You can see it in Parts 5 and 6 of “The Last Dance” — a world-renowned role model and superstar athlete who’s over the scrutiny and the spotlight. As reporters peppered Jordan with questions, he boycotted them. In episode five of The Last Dance, you can almost see the look of disdain on his face: I’ve won two straight titles and you’re going question me over gambling for a few hours in Atlantic City? Who were these ink-stained wretches to question the NBA’s best player?

Of course, you know what that meant for Game 4: Vintage Jordan. The quintessential performance to rip the hearts out of Knicks fans and remind everyone the gambling was just for fun, basketball was everything. Jordan made the media forget the gambling excursion with a truly epic 54-point night that included six three-pointers. The Bulls won the game. The Knicks never won another game in the series.

But the damage was done. Jordan’s penchant for gambling was well known; now it was very public in the midst of a quest for a third straight title. If there was any doubt in Jordan’s mind about whether it was time to step away from the game leading into the 1993 playoffs — a consideration “The Last Dance” shows was very much on his mind — then the firestorm around his wagering gave him the answer he needed, especially as the flames grew larger and larger.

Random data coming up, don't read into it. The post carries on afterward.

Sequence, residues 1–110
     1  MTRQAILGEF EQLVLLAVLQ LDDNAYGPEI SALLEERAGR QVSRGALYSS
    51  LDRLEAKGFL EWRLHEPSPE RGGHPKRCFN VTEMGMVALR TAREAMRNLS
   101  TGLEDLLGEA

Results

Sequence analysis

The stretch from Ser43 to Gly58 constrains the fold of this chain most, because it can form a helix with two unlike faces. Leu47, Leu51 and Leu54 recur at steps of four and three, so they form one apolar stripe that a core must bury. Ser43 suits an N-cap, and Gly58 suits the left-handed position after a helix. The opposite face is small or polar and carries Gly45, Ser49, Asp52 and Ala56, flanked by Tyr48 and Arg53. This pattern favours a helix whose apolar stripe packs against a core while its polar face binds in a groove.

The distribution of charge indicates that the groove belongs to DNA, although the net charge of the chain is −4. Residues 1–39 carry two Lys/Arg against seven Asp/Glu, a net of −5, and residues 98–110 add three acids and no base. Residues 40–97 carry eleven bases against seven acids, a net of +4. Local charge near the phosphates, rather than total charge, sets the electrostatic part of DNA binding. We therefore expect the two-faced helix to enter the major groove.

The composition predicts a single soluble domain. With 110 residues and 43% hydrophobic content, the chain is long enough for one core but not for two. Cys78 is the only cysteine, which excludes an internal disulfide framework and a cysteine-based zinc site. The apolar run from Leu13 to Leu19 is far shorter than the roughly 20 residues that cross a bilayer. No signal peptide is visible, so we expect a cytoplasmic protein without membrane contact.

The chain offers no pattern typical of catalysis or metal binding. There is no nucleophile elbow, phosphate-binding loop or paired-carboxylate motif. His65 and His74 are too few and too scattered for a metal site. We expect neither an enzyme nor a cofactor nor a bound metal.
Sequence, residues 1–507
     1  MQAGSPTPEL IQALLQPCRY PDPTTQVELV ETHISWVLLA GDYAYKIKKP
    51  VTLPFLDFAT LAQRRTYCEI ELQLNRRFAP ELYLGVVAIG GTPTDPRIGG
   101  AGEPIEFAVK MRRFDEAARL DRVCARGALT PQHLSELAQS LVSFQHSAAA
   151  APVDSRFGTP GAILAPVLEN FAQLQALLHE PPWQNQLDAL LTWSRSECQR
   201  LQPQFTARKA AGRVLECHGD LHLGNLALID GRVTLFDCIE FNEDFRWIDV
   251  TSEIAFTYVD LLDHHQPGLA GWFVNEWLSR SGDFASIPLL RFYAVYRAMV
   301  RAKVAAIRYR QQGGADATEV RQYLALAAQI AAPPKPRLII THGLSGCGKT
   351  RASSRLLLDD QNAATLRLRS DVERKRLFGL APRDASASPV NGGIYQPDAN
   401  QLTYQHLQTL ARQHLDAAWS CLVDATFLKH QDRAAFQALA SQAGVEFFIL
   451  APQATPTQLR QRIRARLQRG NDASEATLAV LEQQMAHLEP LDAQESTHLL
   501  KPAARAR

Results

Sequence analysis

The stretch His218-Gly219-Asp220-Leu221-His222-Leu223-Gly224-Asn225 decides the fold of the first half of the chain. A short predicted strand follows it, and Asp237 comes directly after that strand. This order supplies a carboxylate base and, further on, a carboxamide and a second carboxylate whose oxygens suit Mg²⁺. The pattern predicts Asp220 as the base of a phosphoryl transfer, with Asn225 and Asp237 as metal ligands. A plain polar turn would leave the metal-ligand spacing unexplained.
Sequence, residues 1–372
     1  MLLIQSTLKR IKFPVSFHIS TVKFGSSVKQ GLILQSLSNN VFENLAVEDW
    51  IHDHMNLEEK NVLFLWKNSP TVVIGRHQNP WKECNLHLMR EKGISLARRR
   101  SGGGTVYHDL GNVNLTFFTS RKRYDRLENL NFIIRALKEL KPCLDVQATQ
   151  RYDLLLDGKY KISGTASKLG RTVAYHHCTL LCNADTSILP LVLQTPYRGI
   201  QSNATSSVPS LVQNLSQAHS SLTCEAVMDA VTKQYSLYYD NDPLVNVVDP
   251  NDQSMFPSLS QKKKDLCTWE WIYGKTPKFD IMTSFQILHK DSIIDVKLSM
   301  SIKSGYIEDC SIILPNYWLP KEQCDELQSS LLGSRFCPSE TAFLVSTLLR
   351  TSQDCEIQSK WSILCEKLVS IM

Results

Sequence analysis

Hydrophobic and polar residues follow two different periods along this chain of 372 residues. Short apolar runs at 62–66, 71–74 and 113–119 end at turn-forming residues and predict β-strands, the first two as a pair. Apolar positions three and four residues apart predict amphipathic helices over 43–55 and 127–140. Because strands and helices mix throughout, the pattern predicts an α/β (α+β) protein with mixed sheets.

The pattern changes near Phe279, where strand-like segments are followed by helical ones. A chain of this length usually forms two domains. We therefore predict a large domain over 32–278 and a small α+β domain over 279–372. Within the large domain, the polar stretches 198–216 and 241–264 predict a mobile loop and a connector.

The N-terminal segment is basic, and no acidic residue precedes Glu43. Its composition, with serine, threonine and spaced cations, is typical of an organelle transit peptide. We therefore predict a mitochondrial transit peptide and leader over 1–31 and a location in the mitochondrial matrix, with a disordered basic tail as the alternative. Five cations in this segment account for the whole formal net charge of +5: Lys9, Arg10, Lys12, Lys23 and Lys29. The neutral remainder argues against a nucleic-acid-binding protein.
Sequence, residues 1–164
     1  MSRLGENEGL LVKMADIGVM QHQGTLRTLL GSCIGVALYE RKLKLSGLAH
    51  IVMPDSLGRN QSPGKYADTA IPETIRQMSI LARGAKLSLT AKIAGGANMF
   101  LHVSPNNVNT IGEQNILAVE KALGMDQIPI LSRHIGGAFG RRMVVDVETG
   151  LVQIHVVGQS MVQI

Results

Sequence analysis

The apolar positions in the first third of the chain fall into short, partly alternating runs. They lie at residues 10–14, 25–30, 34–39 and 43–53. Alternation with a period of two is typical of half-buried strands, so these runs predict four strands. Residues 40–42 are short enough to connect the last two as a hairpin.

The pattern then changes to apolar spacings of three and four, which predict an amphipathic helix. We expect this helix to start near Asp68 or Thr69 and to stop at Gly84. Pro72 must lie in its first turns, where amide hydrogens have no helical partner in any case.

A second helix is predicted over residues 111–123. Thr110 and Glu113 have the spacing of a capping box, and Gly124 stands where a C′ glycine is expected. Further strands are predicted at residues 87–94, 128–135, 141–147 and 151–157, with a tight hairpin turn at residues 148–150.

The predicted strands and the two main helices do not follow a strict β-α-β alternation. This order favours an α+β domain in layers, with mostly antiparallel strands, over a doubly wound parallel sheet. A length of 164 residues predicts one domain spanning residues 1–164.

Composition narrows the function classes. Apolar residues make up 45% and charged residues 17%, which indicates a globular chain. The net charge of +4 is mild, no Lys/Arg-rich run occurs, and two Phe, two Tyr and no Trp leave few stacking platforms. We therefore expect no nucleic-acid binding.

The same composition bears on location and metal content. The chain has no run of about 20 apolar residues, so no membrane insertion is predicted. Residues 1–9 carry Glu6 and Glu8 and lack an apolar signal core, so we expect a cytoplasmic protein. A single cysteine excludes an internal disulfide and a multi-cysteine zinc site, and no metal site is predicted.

Next came the publicity-seeking individuals seeking to capitalize. Within weeks, an entertainment executive named Richard Esquinas wrote a book and distributed it to reporters on the eve of the Finals, saying that the 3-time MVP had to pay off a golf debt of $300,000 and once was in the hole $1.25 million.

The book alleges that their golf competition included putts that often were worth $100,000 and sometimes rose as high as $250,000.

And that seemingly was enough for Jordan. He ended his media boycott before the Finals against Charles Barkley and the Suns, telling his buddy Ahmad Rashad that he didn’t have a gambling problem.

“I just felt that it was unfair that I was being considered a criminal for doing something that is not illegal,” Jordan said on June 9, 1993. “Gambling is legal, betting is legal.”